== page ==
A primer on medical education in the United States through the lens of a current resident physician.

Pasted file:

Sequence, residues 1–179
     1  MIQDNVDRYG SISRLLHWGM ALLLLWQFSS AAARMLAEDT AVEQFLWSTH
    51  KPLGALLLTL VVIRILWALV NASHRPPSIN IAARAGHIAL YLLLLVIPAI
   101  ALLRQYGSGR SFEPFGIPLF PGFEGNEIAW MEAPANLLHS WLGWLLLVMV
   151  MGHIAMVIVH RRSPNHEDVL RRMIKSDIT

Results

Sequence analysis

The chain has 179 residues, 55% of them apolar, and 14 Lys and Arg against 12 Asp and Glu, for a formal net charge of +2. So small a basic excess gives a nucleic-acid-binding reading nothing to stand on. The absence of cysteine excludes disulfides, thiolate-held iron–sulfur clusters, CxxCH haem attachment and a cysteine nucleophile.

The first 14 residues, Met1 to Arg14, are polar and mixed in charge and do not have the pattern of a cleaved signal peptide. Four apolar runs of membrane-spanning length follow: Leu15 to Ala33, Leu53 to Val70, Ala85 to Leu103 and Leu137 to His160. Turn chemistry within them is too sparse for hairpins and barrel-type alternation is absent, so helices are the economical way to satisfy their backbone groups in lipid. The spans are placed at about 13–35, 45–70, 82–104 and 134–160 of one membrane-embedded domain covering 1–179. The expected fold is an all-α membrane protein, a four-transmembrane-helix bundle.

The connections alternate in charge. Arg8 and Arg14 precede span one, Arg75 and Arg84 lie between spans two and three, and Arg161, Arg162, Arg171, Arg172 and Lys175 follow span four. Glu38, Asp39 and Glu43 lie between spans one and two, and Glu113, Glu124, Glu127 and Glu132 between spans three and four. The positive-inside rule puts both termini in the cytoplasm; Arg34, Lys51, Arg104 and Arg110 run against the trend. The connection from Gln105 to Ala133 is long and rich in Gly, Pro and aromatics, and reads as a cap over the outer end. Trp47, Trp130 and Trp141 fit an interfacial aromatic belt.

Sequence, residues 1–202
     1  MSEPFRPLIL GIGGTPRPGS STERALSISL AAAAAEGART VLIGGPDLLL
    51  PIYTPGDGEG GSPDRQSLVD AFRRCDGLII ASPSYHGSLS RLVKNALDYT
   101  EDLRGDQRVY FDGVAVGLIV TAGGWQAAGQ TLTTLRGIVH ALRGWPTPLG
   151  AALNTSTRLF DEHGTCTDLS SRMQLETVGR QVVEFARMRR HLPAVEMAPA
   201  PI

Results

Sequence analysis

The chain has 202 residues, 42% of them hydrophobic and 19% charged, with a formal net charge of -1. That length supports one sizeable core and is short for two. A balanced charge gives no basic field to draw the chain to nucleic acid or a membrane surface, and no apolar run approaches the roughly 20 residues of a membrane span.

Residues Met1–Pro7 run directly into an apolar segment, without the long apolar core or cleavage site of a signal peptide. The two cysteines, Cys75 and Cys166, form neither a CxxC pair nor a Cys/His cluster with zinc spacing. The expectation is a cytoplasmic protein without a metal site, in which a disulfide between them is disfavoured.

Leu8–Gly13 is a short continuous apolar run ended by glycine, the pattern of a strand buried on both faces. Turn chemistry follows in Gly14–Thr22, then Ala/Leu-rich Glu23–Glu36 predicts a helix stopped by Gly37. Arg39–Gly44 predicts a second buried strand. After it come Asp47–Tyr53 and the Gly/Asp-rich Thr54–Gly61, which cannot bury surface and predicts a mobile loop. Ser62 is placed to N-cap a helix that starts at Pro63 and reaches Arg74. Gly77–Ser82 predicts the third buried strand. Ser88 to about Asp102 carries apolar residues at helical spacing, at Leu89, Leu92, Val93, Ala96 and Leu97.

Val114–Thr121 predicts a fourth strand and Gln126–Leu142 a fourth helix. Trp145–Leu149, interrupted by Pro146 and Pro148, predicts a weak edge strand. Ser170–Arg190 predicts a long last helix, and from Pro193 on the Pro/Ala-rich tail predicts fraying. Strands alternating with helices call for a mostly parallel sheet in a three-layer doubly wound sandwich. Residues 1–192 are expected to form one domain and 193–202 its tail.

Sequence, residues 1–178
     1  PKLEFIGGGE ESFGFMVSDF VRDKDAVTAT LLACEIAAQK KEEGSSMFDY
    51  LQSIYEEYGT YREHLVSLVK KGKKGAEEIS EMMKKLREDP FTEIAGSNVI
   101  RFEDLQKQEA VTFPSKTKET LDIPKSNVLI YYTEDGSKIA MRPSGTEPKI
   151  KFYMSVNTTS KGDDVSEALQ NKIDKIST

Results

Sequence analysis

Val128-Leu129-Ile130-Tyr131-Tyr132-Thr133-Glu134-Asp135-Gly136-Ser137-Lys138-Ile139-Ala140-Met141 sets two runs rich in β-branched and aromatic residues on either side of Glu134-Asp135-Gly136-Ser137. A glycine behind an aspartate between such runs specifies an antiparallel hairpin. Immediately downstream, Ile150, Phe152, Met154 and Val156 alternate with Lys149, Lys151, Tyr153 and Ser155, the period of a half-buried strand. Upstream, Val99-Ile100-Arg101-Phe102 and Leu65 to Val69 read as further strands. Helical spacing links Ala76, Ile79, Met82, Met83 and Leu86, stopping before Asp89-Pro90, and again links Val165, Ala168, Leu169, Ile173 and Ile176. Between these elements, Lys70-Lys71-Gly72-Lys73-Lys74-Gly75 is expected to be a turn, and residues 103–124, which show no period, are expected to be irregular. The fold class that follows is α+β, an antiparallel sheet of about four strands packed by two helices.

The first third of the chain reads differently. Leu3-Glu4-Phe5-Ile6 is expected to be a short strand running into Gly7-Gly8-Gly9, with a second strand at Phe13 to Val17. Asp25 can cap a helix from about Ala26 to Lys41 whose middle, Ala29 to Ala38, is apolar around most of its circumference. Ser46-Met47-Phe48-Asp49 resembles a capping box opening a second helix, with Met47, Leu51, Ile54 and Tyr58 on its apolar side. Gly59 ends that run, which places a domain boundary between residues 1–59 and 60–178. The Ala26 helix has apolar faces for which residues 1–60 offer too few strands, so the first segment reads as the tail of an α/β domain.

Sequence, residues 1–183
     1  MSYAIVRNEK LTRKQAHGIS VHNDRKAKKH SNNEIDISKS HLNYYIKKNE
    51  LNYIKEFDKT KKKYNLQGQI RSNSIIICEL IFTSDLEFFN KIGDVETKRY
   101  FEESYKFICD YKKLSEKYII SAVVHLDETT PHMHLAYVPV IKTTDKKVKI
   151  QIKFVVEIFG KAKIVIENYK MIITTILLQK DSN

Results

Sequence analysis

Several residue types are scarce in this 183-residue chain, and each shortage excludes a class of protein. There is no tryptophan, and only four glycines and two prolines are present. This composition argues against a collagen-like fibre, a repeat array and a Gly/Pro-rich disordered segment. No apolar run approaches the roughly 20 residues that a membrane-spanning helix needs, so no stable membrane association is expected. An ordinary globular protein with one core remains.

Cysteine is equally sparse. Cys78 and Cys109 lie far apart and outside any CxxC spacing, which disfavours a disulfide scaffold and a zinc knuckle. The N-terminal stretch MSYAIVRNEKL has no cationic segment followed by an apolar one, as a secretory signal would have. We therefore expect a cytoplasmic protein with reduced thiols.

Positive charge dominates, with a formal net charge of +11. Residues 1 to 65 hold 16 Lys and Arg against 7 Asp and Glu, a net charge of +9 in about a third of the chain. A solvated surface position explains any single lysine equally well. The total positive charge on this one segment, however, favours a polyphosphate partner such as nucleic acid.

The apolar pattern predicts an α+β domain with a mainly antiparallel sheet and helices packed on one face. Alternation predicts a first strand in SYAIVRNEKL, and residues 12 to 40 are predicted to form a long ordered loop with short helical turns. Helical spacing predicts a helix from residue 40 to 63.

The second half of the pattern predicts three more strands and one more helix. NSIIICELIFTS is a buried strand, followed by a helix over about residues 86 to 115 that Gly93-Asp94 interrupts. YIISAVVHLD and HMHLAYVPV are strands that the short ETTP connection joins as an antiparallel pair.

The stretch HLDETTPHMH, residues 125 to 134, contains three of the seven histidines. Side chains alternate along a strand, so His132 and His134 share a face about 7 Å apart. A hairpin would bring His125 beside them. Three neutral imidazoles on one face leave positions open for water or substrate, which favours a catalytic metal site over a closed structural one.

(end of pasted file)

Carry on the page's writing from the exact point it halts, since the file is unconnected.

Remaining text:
Physician training and standards for medical licensure differ widely across the globe. The medical education process in the United States (US) typically involves a minimum of 11 years of formal training and multiple standardized examinations between graduating from secondary school and becoming an attending physician with full medical licensure. Students in the US traditionally enter a 4-year medical school after completing an undergraduate bachelor's degree, in contrast to most other countries where medical training begins after graduation from high school. Medical school seniors planning to practice medicine in the US must complete postgraduate clinical training, referred to as residency, within the specialty of their choosing. The duration of residency varies depending on specialty, typically lasting between 3 and 7 years. For subspecialty fields, additional clinical training is often required in the form of a fellowship. Many experts have called for changes in the medical education system to shorten medical training in the US, and reforms are ongoing in some institutions. However, physician education in the US generally remains a progression from undergraduate premedical coursework to 4 years of medical school, followed by residency training with an optional subspecialty fellowship.
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